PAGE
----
Ceasefire heralds public debate on RUC's future
Belfast-born David McKittrick has been reporting on Northern Ireland since 1971, He has written for the East Antrim Times, the Irish Times and was The Independent's Irish correspondent for many years. He is the author of several books including Making Sense of the Troubles (2000) and Lost Lives (1999).
Thursday 05 January 1995
The authority, which exercises oversight over the Royal Ulster Constabulary, has invited written submissions from groups and individuals on future policing needs and priorities. It intends to publish a report later in the year. Its chairman, a solicitor and former Alliance Party politician, David Cook, said: "The emphasis of our consultation is at community level. We want to know how people see the police and how they see them developing over the next 10 to 15 years."
The RUC's Chief Constable, Sir Hugh Annesley, recently called on the Government to set up a commission to make recommendations on future policing structures. He has rejected suggestions that the RUC should be divided into regional forces.
The Police Federation also favours a commission. Its spokesman, Sam Beattie, said yesterday: "The worst-case scenario would be that the RUC would end up as some sort of a political football. We're entitled to better than that."
Inevitably, however, the contentious subject of policing has become intertwined with the question of an overall political settlement in Northern Ireland. The policing debate now developing has already heard opinions ranging from those fiercely protectiveof the RUC to voices calling for its complete disbandment.
A permanent peace will clearly mean a new approach to policing, which for 25 years has been directed in large measure to coping with the republican and loyalist campaigns of violence. It will also mean a significant reduction in the size of the RUC, which has more than 12,000 officers.
There is no agreement on how the RUC should be structured - or indeed whether it should continue to exist. The Sinn Fein position, for example, is that the force is unacceptable and should be disbanded, although Sinn Fein spokesmen have spoken of interimarrangements in advance of a political settlement. More moderate nationalist opinion has suggested different structures, a different name and different uniforms.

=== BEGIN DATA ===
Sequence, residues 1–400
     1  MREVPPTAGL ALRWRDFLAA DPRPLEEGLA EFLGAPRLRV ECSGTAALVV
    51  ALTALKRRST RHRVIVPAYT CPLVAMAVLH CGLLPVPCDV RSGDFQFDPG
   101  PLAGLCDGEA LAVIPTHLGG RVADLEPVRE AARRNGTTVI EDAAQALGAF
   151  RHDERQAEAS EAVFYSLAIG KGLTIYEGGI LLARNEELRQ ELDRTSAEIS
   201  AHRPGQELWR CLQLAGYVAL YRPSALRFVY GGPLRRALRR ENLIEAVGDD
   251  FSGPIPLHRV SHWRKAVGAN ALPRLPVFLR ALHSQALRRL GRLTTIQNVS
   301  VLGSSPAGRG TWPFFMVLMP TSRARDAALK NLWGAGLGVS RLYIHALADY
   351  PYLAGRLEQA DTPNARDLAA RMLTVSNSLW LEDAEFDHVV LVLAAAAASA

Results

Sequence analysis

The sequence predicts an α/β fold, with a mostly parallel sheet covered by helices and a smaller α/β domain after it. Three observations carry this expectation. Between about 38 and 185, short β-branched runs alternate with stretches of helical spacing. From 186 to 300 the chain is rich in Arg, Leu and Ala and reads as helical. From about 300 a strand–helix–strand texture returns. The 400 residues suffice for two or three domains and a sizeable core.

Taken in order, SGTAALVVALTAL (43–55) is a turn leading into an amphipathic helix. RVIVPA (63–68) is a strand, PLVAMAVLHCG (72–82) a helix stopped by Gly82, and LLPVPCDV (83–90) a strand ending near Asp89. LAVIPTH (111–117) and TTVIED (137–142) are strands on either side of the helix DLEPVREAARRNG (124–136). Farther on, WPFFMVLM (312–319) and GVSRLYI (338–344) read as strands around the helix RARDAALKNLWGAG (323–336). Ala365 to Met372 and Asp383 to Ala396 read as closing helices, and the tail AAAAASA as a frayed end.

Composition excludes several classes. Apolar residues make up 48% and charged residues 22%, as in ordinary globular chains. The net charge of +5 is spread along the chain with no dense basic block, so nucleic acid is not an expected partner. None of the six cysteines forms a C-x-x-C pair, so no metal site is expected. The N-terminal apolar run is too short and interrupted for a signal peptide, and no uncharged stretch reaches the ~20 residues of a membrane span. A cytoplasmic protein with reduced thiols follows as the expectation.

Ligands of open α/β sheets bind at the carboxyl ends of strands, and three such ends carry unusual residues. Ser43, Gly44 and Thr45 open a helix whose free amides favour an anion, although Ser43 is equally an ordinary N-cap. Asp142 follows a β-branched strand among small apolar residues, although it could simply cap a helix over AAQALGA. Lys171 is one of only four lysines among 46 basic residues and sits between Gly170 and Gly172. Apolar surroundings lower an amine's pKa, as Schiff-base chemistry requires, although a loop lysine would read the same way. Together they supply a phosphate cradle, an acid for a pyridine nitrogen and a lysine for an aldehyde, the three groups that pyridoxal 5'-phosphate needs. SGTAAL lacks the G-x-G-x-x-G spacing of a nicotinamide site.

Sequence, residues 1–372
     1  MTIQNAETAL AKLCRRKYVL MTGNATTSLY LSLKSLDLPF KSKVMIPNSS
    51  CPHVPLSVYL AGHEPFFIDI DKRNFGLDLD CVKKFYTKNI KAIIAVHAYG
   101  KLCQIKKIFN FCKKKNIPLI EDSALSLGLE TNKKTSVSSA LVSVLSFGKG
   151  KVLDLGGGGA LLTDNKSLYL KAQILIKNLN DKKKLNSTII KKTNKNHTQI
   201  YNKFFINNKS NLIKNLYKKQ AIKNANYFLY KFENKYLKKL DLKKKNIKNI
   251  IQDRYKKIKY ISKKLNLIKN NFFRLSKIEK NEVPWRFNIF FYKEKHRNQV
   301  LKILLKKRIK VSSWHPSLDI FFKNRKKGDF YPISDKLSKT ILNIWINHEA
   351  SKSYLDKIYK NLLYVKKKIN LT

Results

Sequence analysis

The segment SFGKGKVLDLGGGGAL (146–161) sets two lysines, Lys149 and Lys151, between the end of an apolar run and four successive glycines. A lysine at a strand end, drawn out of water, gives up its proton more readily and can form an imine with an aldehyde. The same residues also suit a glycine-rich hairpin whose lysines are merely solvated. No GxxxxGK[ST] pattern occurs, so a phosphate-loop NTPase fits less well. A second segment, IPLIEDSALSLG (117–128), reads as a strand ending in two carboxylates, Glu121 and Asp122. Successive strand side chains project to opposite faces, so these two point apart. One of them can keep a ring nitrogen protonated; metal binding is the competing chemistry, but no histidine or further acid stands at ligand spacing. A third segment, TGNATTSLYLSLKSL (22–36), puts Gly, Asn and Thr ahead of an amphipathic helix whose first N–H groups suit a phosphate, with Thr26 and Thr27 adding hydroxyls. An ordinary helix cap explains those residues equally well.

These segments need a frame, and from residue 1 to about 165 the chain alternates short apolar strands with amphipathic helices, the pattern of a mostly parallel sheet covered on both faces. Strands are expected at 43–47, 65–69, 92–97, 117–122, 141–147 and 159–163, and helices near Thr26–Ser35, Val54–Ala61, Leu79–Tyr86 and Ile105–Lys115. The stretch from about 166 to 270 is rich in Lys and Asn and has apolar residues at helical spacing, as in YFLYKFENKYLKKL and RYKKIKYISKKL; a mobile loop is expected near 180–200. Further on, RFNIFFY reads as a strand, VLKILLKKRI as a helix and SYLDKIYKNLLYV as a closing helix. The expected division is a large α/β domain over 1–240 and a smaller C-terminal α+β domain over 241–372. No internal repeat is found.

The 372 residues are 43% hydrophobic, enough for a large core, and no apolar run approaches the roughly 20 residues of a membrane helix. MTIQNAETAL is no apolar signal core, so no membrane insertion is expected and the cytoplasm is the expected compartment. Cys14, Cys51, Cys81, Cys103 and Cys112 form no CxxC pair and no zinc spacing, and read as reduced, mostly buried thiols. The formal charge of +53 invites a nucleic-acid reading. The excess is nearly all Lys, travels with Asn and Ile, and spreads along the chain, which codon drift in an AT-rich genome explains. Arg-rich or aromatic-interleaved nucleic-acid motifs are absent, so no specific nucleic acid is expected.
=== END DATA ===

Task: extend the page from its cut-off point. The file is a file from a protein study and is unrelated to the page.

Historically, the RUC has always had an acceptability problem with the nationalist community, much of which has tended to regard it as a force under either Unionist or British Government influence. In religious terms, its make-up is more than 90 per centProtestant. The force has been praised in many quarters for its increased professionalism over the years, but many controversies during the Troubles have left a residue of bitterness, especially among working-class nationalists.
Allegations of harassment, indifference to complaints and lack of accountability are commonplace and indicative of a widespread lack of trust. Within the force itself there are signs of financial anxiety. The cessation of violence has reduced the daily threat to officers' lives, but it has also hit their pay-packets as overtime has been dramatically reduced.
There is also insecurity over livelihoods if peace proves permanent, since it is assumed that many jobs will eventually disappear. The overall debate is set to continue between those who favour keeping changes as limited as possible and those who seek full-scale reforms.
- 1 Replica Back to the Future Hoverboard released
- 2 Katie Hopkins attacked me on Twitter — so I reported her to the police for inciting racial hatred
- 3 Brixton squat flats now costing up to £3k per month show how out of control rent is in London
- 4 Gamers confess the worst things they've done in The Sims
Costa Concordia: Shipment of Mob drugs was hidden aboard cruise liner when it hit rocks off Italian coast, investigators say
Brixton squat flats now costing up to £3k per month show how out of control rent is in London
Iran nuclear talks: Prospect of deal with Iran pushes Saudi Arabia and Israel into an unlikely alliance
A new (old) cure for MRSA? Revolting recipe from the Dark Ages may be key to defeat infection
Jeremy Clarkson 'could be given minder' ahead of a potential Top Gear return
Ukip supporters are 55 or older, white and socially conservative, finds British Social Attitudes Report
Street preacher quoting from the Bible fined for calling homosexuality an 'abomination'
Jeremy Clarkson sacked live: Alan Yentob 'wouldn't rule out' ex Top Gear host's BBC return
Woman filmed launching racist tirade against men on the Tube for speaking in 'own lingo'
The West has it totally wrong on Lee Kuan Yew
David Cameron calls Labour 'hopeless, sneering socialists' while announcing 7-day NHS plans
£25,000 - £30,000: Sheridan Maine: Are you looking for a fantastic opportunity...
£50,000 - £55,000: Neil Pavier: Are you a professionally qualified commercial ...
£45,000 - £55,000: Loren Hughes: Are you looking for a new opportunity that wi...
£21000 - £24000 per annum + 21 days holidays: Ashdown Group: Technical Support...